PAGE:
The sadness simply gets no chance to creep past the positivity force-field that is Smile. The album’s best moments arrive right at the top of the record, as she’s dancing and delaying the hurt: the Sasha Sloan co-penned “Cry About It Later,” an ode to going out and postponing the tears, is a pulsating earworm, as is follow-up “Teary Eyes,” a depression-on-the-dance-floor ode that effectively serves as this album’s “Walking On Air”-gone-emo.
“Have you ever lied and just replied ‘I’m fine’? / ‘Cause I can see you’ve lost, lost the light in your life,” she declares. The song’s final, encouraging cries of “Keep on dancing!” are among the most thrilling moments on the album – if only it wasn’t so short-lived.
“I swear sometimes I hear myself talking, getting mad / Take shit so personal, like it really matters,” she reflects on “Only Love,” a #gratitude anthem which veers towards the worship territory of her earliest days (plus the added perspective of much therapy, clearly), as she considers the last day of her life, apologizes to her mother, writes a letter to her father, and lets the light in yet again: “Let me leave this world with the hate behind me, and take the love instead / Give me only love.”
The acoustic-leaning “What Makes a Woman” rounds out her Smile, an introspective ode to – if you can guess – being a woman.
“I feel most beautiful doing what the fuck I want,” she snarls, flirting with just the slightest hint of an edge within an otherwise saccharine musical experience.
“There it is, Kathryn,” she sighs to herself in the final seconds, sounding relieved.
It’s wonderful to see and hear that Katy is smiling again, truly. Smile is not, however, a breakthrough Ray of Light sort of moment for Katy. Nor does it soar to the scream-sing-along heights of the now decade-old Teenage Dream – or Prism, really. It is full of lightness and levity, bursting at the seams with self-empowerment clichés and her signature clownery (“When I hula-hula, hula so good, you’ll take me to the jeweler-jeweler”), but it doesn’t ever aspire to be more than perfectly adequate, positive, contemporary pop.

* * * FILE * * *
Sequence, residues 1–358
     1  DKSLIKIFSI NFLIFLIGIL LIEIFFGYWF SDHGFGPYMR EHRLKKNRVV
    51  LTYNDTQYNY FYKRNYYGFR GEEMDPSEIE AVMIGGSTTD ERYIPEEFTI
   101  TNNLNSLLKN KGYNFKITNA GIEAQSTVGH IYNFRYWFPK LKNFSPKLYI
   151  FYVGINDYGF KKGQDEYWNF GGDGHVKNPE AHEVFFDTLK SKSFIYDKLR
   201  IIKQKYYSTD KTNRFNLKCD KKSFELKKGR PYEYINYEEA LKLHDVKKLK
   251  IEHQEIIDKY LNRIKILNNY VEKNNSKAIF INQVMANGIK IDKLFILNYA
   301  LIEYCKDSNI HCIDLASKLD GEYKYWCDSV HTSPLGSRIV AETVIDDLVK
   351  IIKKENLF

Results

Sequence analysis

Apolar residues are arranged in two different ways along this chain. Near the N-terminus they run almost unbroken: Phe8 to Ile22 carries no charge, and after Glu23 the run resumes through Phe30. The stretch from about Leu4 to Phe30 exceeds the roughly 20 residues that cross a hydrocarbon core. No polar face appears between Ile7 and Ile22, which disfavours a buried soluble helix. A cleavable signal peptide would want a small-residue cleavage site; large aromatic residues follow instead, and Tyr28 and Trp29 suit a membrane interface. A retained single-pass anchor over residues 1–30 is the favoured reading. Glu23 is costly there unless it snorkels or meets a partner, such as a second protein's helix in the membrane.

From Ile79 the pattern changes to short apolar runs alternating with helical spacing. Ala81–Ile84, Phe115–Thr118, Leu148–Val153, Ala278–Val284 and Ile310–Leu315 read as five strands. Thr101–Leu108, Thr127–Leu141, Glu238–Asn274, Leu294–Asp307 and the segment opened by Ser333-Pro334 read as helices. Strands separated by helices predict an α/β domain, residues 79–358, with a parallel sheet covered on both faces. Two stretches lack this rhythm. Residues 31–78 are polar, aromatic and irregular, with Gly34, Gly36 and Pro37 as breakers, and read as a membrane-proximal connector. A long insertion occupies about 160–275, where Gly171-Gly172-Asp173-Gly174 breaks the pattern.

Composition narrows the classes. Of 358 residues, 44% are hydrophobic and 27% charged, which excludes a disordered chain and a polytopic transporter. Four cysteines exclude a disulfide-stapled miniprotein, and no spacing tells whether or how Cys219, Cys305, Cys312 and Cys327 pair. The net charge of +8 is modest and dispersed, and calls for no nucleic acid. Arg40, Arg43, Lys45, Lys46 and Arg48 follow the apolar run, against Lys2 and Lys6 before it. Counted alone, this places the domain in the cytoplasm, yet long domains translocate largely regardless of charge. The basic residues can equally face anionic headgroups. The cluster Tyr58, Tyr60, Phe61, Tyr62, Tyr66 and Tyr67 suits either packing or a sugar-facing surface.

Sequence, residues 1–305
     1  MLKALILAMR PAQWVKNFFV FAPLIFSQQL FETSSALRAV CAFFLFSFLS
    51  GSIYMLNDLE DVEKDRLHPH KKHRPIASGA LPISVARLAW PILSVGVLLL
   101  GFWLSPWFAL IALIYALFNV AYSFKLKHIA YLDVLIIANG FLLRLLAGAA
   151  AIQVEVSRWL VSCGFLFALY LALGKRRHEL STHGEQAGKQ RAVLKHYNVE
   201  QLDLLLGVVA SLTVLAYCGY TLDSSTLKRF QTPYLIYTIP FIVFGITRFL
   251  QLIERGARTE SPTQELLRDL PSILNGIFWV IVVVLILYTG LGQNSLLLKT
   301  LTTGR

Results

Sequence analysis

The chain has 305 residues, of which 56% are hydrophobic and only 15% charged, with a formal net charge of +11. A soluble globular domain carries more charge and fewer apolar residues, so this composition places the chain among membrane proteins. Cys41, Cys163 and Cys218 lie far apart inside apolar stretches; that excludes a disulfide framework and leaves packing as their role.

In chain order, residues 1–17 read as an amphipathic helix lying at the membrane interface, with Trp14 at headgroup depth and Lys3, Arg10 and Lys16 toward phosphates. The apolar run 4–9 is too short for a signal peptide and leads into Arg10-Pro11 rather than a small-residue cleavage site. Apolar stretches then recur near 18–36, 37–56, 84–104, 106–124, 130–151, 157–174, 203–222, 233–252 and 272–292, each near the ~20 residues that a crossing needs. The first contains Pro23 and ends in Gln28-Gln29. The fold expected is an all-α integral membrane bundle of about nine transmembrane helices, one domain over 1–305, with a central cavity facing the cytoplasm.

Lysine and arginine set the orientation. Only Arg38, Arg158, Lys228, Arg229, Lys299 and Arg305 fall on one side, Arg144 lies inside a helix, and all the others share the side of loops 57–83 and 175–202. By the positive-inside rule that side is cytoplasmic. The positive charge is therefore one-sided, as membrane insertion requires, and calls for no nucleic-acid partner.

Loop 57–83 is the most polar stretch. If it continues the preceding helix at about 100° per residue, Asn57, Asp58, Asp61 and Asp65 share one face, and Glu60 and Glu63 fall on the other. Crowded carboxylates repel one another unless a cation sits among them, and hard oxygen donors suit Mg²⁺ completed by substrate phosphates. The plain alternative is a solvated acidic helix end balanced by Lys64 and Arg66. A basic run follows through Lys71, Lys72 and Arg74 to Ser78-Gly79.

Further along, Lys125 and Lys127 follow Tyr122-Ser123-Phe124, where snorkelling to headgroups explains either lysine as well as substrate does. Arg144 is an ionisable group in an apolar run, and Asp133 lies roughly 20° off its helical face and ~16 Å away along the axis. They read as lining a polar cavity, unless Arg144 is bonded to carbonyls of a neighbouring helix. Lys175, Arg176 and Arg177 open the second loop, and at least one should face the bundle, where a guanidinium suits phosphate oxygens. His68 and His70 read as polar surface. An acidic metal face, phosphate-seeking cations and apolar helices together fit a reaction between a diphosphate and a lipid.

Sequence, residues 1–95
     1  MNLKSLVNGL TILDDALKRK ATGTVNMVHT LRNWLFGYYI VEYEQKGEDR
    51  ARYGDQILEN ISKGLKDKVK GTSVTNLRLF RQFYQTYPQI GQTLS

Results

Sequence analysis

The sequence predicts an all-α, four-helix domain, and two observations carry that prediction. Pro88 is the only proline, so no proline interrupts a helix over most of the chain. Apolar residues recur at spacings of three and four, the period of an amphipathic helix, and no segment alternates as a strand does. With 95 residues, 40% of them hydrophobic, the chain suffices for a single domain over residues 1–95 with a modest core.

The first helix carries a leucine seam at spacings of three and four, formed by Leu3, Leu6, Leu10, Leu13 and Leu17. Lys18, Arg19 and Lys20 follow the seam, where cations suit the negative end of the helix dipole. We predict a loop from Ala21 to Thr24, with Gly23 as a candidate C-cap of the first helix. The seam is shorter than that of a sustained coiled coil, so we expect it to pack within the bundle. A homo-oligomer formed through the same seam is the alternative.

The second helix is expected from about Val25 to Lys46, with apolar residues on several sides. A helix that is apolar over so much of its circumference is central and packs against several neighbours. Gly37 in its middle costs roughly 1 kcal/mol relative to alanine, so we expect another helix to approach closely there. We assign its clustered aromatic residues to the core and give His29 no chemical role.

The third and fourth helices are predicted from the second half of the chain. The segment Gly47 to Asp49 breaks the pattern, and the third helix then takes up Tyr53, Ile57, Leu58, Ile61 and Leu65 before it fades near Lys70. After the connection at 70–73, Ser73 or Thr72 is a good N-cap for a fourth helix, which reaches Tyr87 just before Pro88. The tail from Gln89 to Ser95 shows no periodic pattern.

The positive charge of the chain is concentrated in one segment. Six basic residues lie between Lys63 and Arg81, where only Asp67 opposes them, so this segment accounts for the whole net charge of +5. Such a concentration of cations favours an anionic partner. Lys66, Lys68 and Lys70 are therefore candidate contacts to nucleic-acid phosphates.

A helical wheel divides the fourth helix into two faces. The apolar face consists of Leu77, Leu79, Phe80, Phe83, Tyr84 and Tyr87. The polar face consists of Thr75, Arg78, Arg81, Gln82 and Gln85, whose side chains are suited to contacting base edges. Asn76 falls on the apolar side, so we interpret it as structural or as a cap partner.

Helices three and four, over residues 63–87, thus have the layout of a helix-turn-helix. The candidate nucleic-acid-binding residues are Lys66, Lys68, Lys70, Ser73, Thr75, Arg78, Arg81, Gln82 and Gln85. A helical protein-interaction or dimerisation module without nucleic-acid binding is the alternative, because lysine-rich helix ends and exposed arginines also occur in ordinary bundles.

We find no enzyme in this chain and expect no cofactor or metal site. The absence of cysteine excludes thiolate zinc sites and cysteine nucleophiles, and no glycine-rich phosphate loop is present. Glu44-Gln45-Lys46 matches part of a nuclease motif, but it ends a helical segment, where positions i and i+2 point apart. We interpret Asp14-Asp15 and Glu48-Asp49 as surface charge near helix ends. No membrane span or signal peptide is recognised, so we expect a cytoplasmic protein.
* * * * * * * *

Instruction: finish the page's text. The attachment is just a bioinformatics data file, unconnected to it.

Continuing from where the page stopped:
Ever since the moment she went goth girl and burned that Teenage Dream wig years ago, there’s always been a lingering hope for a different kind of record somewhere inside of Katy – one that isn’t afraid to let the feelings be more fully fleshed out, as “Circle the Drain” implied a decade ago, which doesn’t just ward off unsavory emotions with unrelenting positivity and a pie to the face. Smile is simply not that.
A perfectly fine, personal pop album with a few, fleeting above-average moments is no crime committed, nor it doesn’t mean it’s…really…over. But if Katy truly feels as free as she says to become more “dimensional” post-chart powerhouse, Smile is not exactly overwhelming evidence of this exercise in artistic exploration.
Perhaps on the next go-around, there’ll be less pushing daisies, and more pushing her own musical boundaries.
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Photo credit: Christine Hahn